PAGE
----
Here are the best albums dropping this November. The Mercury Prize might have been last month, but there’s some real corkers set for this month, too.
Alicia Keys – Santa Baby, 4 November
Is it that time of the year already? Alicia Keys certainly reckons it is, with the 15-time GRAMMY winner releasing her first ever holiday album. The lead single, ‘December Back 2 June’, released last week in, er, October, is out now. As far as Christmas tunes go, it’s a bit of a banger.
Connie Constance – Miss Power, 4 November
Watford singer-songwriter with one of the most joyously alliterative names in music, Connie Constance, is dropping her second album. 12-track Miss Power follows 2019’s English Rose, and follows an impressive year for the singer, who’s supported both Patti Smith and Nova Twins.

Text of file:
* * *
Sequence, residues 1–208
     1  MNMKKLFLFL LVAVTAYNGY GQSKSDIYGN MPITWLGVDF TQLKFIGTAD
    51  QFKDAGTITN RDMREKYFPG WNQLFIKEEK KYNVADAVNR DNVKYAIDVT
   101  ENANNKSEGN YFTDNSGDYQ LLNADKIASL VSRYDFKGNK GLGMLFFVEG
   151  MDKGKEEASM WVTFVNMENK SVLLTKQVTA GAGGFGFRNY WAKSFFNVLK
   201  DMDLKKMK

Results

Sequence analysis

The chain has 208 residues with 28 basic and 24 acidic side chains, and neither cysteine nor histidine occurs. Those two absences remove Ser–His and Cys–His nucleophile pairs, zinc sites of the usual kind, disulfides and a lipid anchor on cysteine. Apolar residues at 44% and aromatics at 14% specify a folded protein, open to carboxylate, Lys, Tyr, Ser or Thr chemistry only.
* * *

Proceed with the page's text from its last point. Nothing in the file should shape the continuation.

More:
Drake & 21 Savage – Her Loss, 4 November
We’ve had to wait a little longer than originally planned for Drake and 21 Savage’s highly-anticipated collaborative album, Her Loss – but in truth that’s only made us want it more. Apparently, the delay was due to one of Drake’s production team contracting COVID. But honestly, nevermind: October’s loss is November’s gain. And we don’t have to wait much longer now.
First Aid Kit – Palomino, 4 November
Swedish folk duo singers Johanna and Klara Söderberg, aka First Aid Kit, will be dropping their fifth LP this November. Their track ‘Angel’, released earlier this year, was their first new music in three years and has been followed by three singles since, which form the glorious first taste to Palomino.